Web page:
Vietnam not in danger from China's nuclear power plants: expert

By Pham Huong   October 14, 2016 | 08:58 pm GMT+7

Three new power plants near the Chinese border are making Vietnam jumpy.

Vietnam should not be worried about the three nuclear power plants that China has begun operating near the border, according to Tran Chi Thanh, the director of the Vietnam Atomic Energy Institute.

He assured that China can prevent any serious accidents from occurring thanks to new-generation nuclear reactors.

He said even a leak would only release a low level of radiation into the atmosphere, with minimal risks to people’s heath.

However, many experts have raised concerns about the safety of the nuclear power plants, urging Vietnam to stay vigilant and be prepared for a nuclear incident.

“We have learnt from experience that most nuclear mishaps occur due to human errors,” Tran Huu Phat, an energy expert, said, implying that technical innovation can’t eliminate the risk of human errors.

The three plants are located in the provinces of Guangxi and Guangdong and on Hainan Island. The plant in Guangxi is just 50 kilometers from Vietnam's northern Quang Ninh Province and less than 500 kilometers from the capital Hanoi.

The International Atomic Energy Agency (IAEA) considers an area within 300 kilometers of a reactor highly exposed in the event of an accident, so it must be prepared for a nuclear radiological emergency.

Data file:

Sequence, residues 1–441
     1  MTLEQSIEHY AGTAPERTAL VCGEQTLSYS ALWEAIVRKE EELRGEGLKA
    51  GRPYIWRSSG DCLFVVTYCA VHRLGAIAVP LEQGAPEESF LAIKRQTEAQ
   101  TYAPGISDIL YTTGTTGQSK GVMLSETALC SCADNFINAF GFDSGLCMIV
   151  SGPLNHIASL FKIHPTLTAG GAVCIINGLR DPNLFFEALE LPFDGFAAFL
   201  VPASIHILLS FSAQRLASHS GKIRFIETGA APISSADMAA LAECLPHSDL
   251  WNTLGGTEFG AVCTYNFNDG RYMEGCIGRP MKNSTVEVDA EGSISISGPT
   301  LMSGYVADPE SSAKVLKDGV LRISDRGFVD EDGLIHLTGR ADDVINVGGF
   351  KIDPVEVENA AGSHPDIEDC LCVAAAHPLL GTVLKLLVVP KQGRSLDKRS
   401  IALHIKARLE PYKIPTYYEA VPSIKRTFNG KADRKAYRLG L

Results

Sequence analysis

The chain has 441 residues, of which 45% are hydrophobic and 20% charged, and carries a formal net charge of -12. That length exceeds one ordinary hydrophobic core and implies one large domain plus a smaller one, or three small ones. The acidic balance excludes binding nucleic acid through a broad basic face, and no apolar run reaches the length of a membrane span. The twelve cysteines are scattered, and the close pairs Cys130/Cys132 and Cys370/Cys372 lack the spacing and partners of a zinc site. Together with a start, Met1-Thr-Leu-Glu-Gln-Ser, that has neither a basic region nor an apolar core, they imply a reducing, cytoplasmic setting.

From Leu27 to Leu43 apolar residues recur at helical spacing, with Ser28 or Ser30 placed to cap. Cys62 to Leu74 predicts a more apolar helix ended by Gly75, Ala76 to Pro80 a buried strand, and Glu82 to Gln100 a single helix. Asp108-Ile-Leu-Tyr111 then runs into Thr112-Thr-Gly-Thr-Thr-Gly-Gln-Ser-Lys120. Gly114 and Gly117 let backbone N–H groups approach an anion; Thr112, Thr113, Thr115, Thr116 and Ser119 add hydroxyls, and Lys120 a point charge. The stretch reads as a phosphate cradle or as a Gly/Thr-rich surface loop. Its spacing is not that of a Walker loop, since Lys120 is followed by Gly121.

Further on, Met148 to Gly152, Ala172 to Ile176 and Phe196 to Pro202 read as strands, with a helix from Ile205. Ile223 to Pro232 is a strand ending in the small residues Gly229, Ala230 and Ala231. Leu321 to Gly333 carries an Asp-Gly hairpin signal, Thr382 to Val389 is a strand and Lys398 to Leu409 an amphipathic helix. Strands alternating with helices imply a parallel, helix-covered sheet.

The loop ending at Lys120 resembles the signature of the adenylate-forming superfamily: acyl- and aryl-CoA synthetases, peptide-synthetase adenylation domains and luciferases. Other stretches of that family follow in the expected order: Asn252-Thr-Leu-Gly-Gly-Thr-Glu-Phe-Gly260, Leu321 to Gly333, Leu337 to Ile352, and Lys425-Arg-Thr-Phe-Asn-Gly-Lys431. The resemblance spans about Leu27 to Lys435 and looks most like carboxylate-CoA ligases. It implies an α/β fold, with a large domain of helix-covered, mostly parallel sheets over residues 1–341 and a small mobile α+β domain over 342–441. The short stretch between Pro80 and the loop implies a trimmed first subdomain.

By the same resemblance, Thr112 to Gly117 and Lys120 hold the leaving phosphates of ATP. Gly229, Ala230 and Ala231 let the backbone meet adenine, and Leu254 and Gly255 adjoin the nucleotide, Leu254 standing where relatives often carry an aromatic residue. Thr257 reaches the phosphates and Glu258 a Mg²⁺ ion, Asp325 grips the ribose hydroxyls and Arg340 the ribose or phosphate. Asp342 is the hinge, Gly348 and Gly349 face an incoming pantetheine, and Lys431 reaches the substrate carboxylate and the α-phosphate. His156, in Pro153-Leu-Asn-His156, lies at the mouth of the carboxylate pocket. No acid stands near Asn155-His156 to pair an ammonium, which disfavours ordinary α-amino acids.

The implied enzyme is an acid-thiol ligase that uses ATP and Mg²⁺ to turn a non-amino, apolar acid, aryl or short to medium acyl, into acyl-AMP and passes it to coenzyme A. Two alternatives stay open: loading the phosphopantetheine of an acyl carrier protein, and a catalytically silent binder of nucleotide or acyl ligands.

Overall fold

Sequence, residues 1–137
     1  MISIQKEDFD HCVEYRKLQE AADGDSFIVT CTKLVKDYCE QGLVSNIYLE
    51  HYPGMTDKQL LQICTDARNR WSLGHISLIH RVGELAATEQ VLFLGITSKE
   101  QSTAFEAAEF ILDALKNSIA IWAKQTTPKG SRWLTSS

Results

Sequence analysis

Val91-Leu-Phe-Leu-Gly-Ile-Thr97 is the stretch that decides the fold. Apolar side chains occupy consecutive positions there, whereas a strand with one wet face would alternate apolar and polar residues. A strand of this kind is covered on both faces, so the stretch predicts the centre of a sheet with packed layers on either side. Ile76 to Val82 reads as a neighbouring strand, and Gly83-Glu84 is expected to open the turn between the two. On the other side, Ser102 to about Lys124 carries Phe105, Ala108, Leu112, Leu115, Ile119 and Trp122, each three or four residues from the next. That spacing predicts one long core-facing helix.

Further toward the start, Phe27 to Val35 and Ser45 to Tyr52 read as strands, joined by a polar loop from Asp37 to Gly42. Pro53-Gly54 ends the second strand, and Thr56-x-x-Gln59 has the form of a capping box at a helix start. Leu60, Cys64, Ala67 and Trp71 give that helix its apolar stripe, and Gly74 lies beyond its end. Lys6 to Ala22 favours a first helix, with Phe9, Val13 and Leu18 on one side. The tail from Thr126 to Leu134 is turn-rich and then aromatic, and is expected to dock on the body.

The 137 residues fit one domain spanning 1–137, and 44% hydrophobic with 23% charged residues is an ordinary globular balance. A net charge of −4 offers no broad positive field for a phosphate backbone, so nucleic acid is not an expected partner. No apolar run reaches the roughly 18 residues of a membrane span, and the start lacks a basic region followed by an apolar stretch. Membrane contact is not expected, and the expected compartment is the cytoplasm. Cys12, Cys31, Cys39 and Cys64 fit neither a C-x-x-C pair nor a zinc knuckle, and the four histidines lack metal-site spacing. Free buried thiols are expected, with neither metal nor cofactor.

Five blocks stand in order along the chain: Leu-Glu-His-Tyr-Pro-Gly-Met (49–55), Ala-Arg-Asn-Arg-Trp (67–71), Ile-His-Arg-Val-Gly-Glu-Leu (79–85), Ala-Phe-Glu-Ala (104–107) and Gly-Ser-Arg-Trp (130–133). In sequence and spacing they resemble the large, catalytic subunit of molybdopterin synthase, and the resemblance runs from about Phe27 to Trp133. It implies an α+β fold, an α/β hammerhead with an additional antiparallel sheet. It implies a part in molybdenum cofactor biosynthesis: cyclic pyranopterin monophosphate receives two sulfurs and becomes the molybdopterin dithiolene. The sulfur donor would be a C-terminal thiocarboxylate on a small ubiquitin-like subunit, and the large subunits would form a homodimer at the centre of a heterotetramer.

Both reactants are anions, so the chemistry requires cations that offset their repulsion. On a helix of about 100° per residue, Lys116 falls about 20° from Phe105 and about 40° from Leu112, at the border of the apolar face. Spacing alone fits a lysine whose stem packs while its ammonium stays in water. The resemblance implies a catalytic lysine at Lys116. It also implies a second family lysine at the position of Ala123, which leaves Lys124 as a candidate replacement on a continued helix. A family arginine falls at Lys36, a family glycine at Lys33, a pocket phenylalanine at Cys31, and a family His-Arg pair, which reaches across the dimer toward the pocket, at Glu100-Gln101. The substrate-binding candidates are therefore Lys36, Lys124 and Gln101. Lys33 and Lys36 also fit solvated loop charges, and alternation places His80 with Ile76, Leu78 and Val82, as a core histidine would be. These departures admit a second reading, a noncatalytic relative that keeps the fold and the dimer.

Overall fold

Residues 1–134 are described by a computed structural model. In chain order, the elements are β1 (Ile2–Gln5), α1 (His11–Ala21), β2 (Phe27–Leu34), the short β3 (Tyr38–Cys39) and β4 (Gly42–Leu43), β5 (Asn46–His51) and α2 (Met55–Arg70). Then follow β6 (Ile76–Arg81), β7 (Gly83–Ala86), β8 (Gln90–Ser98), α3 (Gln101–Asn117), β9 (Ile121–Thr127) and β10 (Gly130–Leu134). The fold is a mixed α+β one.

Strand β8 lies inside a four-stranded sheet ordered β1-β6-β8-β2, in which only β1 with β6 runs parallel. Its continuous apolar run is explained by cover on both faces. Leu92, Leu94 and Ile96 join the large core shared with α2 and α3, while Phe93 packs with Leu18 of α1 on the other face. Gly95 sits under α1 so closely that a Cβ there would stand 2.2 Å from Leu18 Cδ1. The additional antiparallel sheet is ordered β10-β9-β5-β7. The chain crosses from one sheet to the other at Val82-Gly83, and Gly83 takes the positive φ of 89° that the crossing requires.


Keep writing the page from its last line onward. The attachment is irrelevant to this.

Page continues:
That means a large part of northern Vietnam is within the danger zone.

Vietnam has asked China to provide updates on its three new nuclear power plants near the border.

Vietnamese Foreign Ministry spokesman Le Hai Binh said at a press briefing on Thursday that Vietnam has asked China to build a system to provide regular updates on the three plants.

The government signed a deal with China to develop a radioactivity surveillance system in 2012, said Vuong Huu Tan, the director of the Vietnam Agency for Radiation and Nuclear Safety, adding that no progress has been made since then.

Tan pointed to the fact that both Vietnam an China are members of the Convention on Nuclear Safety, so the country is entitled to demand China provide status updates on its nuclear plants.

“We are going to send a working team over there to meet with China’s nuclear safety agency so that both sides will soon reach an agreement on the best possible way to provide updates [on those nuclear plants],” said Tan.

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